One of my personal complaints with fantasy RPGs is that sometimes magical treasure loses its wonder. Take Pathfinder for example. Some magical treasures are almost required to meet the game’s balance expectations. Even within the context of the world and story of the campaign many magical items are set dressing at best. A few unique items have histories and cool story elements but they are exceptions.
Worse, even the unique items rarely offer a great deal of mystery and within a roll or two powers and charges are all revealed. Now in a world where wizards and clerics wield fundamental forces unknown in our reality some of this is to be expected. And playing with some predictable magic is fun but I still want more wonder and mystery in my games even on items that don’t rise to the power of artifacts.
I’ve talked on the blog before about my fondness for Numenera and the Cypher System. One of the elements I really liked about Numenera was the “magical” treasure one could find. Most of it came in one of three varieties: oddities, cyphers, and artifacts.
Today I’m most interested in the Cypher System’s artifacts. These are not artifacts in the same way as Pathfinder artifacts. Cypher system artifacts fill the niches of magical weapons, armor, staves, rods, wondrous items, etc. These are items with a single magical effect and an unknown number of charges. Unknown because each time an artifact is used a depletion roll is made. Depletion is expressed as a range and a die, for example, one item might have a 1 in 1d10 while another might have a 1-2 in 1d6. If the depletion roll is within the listed range the item ceases to function.
I like the uncertainty this creates.
I’m also quite fond of the existing artifact model. Highly unique items impossible to replicate…or at least not easily replicated because not every unique item needs to be of such colossal power. So with that as a basis, I’ve begun thinking about trivial artifacts. These items are rare if not singularly unique and may not reveal all of their secrets when identified.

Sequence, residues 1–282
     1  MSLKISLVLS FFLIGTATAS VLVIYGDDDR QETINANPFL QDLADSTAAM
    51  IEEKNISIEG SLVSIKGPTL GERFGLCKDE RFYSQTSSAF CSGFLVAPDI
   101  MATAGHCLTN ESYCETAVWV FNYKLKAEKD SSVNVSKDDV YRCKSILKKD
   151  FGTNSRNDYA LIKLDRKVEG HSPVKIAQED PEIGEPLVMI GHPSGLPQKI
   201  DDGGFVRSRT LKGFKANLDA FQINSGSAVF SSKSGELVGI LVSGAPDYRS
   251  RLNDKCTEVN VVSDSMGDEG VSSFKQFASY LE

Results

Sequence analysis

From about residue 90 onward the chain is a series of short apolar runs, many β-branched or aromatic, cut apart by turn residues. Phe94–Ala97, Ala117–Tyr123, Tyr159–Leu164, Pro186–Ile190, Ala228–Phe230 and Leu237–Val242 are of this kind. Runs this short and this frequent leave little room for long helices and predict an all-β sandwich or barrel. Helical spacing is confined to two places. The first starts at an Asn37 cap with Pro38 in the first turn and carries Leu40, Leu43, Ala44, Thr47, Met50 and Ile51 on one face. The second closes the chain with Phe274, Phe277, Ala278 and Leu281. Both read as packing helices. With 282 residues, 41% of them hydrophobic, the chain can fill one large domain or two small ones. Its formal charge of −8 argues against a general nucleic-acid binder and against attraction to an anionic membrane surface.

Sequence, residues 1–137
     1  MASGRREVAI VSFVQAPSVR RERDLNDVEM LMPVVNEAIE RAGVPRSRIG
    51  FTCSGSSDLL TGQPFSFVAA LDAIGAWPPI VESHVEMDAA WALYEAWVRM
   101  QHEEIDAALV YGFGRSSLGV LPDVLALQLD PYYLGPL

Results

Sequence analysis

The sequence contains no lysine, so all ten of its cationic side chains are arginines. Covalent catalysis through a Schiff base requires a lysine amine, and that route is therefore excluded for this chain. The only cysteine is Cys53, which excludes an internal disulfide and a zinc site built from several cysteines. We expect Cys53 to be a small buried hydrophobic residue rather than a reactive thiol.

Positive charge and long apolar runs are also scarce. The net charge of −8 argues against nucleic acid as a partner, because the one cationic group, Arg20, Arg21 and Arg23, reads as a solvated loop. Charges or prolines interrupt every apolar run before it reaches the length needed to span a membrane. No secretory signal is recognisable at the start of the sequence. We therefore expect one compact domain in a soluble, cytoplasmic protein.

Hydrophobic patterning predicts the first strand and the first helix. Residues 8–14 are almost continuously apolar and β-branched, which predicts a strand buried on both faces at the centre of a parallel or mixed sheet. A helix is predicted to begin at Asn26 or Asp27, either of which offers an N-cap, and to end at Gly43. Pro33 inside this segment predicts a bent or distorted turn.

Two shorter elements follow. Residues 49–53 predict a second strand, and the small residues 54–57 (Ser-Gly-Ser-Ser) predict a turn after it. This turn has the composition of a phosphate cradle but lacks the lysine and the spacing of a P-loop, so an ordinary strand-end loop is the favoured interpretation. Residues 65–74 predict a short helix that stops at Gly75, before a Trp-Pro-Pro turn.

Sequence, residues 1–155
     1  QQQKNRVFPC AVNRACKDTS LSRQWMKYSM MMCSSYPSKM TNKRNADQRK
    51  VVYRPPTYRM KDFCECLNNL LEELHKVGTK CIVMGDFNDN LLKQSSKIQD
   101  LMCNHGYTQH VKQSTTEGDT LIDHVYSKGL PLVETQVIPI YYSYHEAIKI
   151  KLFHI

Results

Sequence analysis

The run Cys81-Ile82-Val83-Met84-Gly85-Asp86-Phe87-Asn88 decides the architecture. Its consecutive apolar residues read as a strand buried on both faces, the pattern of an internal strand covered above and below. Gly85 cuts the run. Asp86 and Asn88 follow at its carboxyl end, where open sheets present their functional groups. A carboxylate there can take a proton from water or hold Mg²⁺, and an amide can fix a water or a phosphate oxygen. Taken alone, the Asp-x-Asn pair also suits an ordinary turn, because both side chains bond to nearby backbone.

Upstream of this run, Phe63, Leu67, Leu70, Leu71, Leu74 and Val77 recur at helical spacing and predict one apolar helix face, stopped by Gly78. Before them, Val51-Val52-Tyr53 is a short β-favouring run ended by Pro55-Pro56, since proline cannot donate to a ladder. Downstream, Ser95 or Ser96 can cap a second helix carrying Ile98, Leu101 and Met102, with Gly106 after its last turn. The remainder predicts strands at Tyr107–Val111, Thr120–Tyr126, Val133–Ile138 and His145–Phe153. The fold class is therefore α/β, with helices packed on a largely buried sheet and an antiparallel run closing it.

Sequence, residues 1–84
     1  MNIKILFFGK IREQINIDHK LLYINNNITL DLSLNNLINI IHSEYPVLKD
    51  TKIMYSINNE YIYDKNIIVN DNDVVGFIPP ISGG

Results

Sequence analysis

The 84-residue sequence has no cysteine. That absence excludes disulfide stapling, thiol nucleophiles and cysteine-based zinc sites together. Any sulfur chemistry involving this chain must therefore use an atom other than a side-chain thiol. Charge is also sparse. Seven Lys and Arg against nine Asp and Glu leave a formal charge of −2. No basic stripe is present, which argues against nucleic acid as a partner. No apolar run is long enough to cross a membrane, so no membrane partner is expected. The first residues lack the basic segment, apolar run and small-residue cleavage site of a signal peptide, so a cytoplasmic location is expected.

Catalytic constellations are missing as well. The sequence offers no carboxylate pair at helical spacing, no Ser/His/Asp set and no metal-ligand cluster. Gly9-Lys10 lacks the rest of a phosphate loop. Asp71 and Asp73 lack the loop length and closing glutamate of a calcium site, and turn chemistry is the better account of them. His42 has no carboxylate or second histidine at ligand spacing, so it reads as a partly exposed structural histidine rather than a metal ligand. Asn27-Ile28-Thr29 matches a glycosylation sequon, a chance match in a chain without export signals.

Vial of Stars
Aura strong divination; CL 18
Slot none, Weight —
When the stopper is pulled from this faceted crystal vial it seems to pulse with a faint inner glow for a mere moment. To the eyes of the wielder motes of candle bright light spring into existence creating an area of dim light in a 90-foot radius of the vial. A wielder with darkvision finds this has no adverse effect on their sight but color returns to things viewed within the vial’s effective radius. The vial casts its dim light even through magical darkness.
Depletion 1 in 1d20 per hour of use.
Possible Secrets for the vial of stars: The pattern of lights viewed is not random but forms a specific series of constellations. In a Starfinder campaign, it might be an actual magical stellar map that might require a second piece be inserted in the uncapped vial to reveal the exact location of a particular campaign McGuffin.
Aura strong transmutation; CL 18
Slot neck, Weight —
This pendant features a brightly shining double headed gold coin. Both sides of the coin bear the true likeness of the person holding or wearing the pendant although sometimes one of the heads is that of an enraged red dragon. The pendant may be activated as an immediate action whenever the bearer fails any attack roll, caster level check, saving throw or skill check. When activated there is the faint but audible ring of a flipped coin. For the user, time seems to rewind by a bare moment. Just long enough that the bearer may reroll the initial check with an additional d20 and take the highest of the two new results. Unlike other trivial artifacts, when the Destiny Coin is depleted it doesn’t become inert instead it vanishes and reappears somewhere else in the world.
Depletion 1-3 in 1d20 Destruction it must be melted down in the fire of a colossal dragon.
Possible secrets of the Destiny Coin: The coin once was the centerpiece of a dragon’s hoard but it was stolen. The dragon had grown too dependent on the coin’s luck and soon perished. Haunted by the loss of its prized treasure the now undead dragon seeks it out and can hear every flip of the coin where ever in the world it is. Worse in the presence of the undead dragon the power of the coin warps and both heads on the coin take on the likeness of the red dragon. While appearing like this the bearer may still reroll a d20 check per the normal power, but instead of taking the best of two results the bearer must take the worst of the two results. In this case, an alternate depletion effect might be that instead of vanishing the coin teleports the dragon to wherever the bearer is.
The bearer might also discover they can speak draconic while they wear the coin this ability doesn’t deplete the item.